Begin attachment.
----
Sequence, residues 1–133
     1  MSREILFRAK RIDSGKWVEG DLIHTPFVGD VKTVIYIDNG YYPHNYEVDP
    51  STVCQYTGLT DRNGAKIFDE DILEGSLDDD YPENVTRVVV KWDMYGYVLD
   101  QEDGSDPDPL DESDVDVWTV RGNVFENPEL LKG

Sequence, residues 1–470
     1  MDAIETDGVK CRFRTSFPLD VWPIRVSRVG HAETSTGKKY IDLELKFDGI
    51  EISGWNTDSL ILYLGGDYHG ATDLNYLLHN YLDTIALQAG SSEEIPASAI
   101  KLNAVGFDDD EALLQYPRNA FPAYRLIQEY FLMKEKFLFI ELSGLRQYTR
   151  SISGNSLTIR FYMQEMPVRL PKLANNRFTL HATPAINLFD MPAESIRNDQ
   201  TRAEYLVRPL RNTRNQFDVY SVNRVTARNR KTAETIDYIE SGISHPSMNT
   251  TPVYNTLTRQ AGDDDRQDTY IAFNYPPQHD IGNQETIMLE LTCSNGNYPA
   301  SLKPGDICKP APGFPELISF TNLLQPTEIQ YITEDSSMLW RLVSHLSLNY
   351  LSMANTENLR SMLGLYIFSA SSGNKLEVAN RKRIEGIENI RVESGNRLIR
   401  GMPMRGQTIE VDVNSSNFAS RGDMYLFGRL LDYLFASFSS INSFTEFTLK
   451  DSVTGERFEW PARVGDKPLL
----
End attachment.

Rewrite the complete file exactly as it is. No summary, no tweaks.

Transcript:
Sequence, residues 1–133
     1  MSREILFRAK RIDSGKWVEG DLIHTPFVGD VKTVIYIDNG YYPHNYEVDP
    51  STVCQYTGLT DRNGAKIFDE DILEGSLDDD YPENVTRVVV KWDMYGYVLD
   101  QEDGSDPDPL DESDVDVWTV RGNVFENPEL LKG

Sequence, residues 1–470
     1  MDAIETDGVK CRFRTSFPLD VWPIRVSRVG HAETSTGKKY IDLELKFDGI
    51  EISGWNTDSL ILYLGGDYHG ATDLNYLLHN YLDTIALQAG SSEEIPASAI
   101  KLNAVGFDDD EALLQYPRNA FPAYRLIQEY FLMKEKFLFI ELSGLRQYTR
   151  SISGNSLTIR FYMQEMPVRL PKLANNRFTL HATPAINLFD MPAESIRNDQ
   201  TRAEYLVRPL RNTRNQFDVY SVNRVTARNR KTAETIDYIE SGISHPSMNT
   251  TPVYNTLTRQ AGDDDRQDTY IAFNYPPQHD IGNQETIMLE LTCSNGNYPA
   301  SLKPGDICKP APGFPELISF TNLLQPTEIQ YITEDSSMLW RLVSHLSLNY
   351  LSMANTENLR SMLGLYIFSA SSGNKLEVAN RKRIEGIENI RVESGNRLIR
   401  GMPMRGQTIE VDVNSSNFAS RGDMYLFGRL LDYLFASFSS INSFTEFTLK
   451  DSVTGERFEW PARVGDKPLL